'They're all about the kinds of things that families deal with. That's the kind of thing that would be very useful,' he said.
While the MovieLearn programme is designed for people attending classes or with a certain level of English, Mr Bruce said the programme could be successful on its own because users had to pay attention to the way people communicated.
'Anything that induces a learner to pay attention to language while at the same time being drawn forward by content, if the content is strong enough to get them to want to keep listening, keep paying attention, then that's got to be a plus,' he said.
However, Mr Bruce questioned whether many Hong Kong learners would adapt to the independent style of learning required to complete the programme on their own, given people were accustomed to learning from teachers.
In an era when people are constantly hooked up to technology, innovative companies are ensuring that people can maximise their commuting time by making language learning available via the mobile phone.
Nokia launched its English language learning service for mainland users this week while 3G phones offer allTalk, an eight-hour English language course created by the Linguaphone Institute.
The 3G programme allows users to download up to 15 audio clips covering everyday English and popular topics for a monthly fee of HK$98. The clips teach basic conversation, vocabulary and sentence structure.
And of course that modern day fount of all knowledge - the internet - offers countless options, ranging from the credible to the ridiculous. Reputable language providers offer a variety of online courses that provide detailed instruction, Web feedback and free trial lessons.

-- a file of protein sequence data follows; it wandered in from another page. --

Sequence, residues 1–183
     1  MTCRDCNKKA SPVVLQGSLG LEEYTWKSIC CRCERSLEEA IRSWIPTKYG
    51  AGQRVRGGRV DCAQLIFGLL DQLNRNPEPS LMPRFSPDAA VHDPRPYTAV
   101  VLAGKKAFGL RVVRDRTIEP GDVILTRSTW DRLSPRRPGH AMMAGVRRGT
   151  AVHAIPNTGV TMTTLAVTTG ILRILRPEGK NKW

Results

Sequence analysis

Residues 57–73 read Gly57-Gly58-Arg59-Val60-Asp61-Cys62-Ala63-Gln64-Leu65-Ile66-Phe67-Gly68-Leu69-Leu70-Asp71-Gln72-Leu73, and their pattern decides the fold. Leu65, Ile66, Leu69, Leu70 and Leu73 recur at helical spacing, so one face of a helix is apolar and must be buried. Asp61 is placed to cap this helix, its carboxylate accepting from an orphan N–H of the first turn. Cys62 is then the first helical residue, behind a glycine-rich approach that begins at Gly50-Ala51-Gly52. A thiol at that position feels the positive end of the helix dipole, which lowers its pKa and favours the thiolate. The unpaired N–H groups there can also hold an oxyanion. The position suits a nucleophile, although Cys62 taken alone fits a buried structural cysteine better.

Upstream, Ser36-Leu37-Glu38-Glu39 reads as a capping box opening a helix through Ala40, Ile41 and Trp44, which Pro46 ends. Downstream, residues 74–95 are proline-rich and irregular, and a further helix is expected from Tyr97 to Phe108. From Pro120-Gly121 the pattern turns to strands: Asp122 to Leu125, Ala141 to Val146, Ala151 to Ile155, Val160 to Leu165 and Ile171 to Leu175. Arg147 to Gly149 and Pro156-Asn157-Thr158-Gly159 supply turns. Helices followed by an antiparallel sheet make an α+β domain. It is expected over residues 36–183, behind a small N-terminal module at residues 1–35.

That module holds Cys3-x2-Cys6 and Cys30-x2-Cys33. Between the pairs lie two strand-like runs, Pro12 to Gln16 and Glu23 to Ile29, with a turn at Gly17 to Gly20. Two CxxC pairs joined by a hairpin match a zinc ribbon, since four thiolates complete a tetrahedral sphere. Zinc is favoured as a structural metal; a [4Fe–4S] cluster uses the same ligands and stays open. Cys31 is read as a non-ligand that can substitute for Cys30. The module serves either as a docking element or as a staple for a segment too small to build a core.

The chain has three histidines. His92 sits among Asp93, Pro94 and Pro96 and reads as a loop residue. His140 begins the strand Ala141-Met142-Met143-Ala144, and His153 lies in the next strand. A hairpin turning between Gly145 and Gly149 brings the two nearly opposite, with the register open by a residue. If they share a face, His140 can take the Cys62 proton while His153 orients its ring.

Even the BBC's website helps readers learn the meanings of key words used in the day's top news stories by providing explanations and audio.
At the other end of the spectrum are the seemingly miraculous courses that entice potential customers with claims such as, 'Start speaking any language within 10 days or receive a full refund'.
Mr Bruce dismissed websites that promised to have learners speaking a second language in days. 'They're just sucking people in like an advert,' he said.
While users may need to be discerning, Assistant Professor Daniel Churchill, from HKU's education faculty, believes learning via mobile devices connected to the internet will become increasingly popular. He expects this type of learning to catch on as connection costs decrease and more people buy portable devices such as the personal digital assistants that integrate a computer with a mobile phone.
'I don't know whether it will completely replace classroom learning but to a large extent it would reduce the need for having to spend a large number of hours in the classroom. You will be able to access the materials anytime, anywhere,' he said.
While learning via mobile phone may be more successful in boosting people's listening and speaking skills than their writing and reading abilities, Mr Churchill said this type of learning could complement their education and help people learn more in a shorter time period.
Professor Andy Kirkpatrick, head of English at the Hong Kong Institute of Education, believes these alternative forms of language learning could be most effective when supplemented with language lessons.
'If you're motivated enough, anything can help, but most of us need to have somebody to work with when learning language. It's a communicative activity,' he said.
'I would say for the great majority of learners they would be supplementary to communicative activity with other people who you can share your experiences with.'
Meanwhile, it remains to be seen whether 'Trumpisms' will be overheard in Hong Kong boardrooms. Let's just hope Mr Trump's trademark phrase, 'You're fired!' doesn't catch on anytime soon.
Visit www.movielearn.com for details
Anything can help but most of us need to have somebody to work with when learning language
Professor Andy Kirkpatrick,
head of English at HKIEd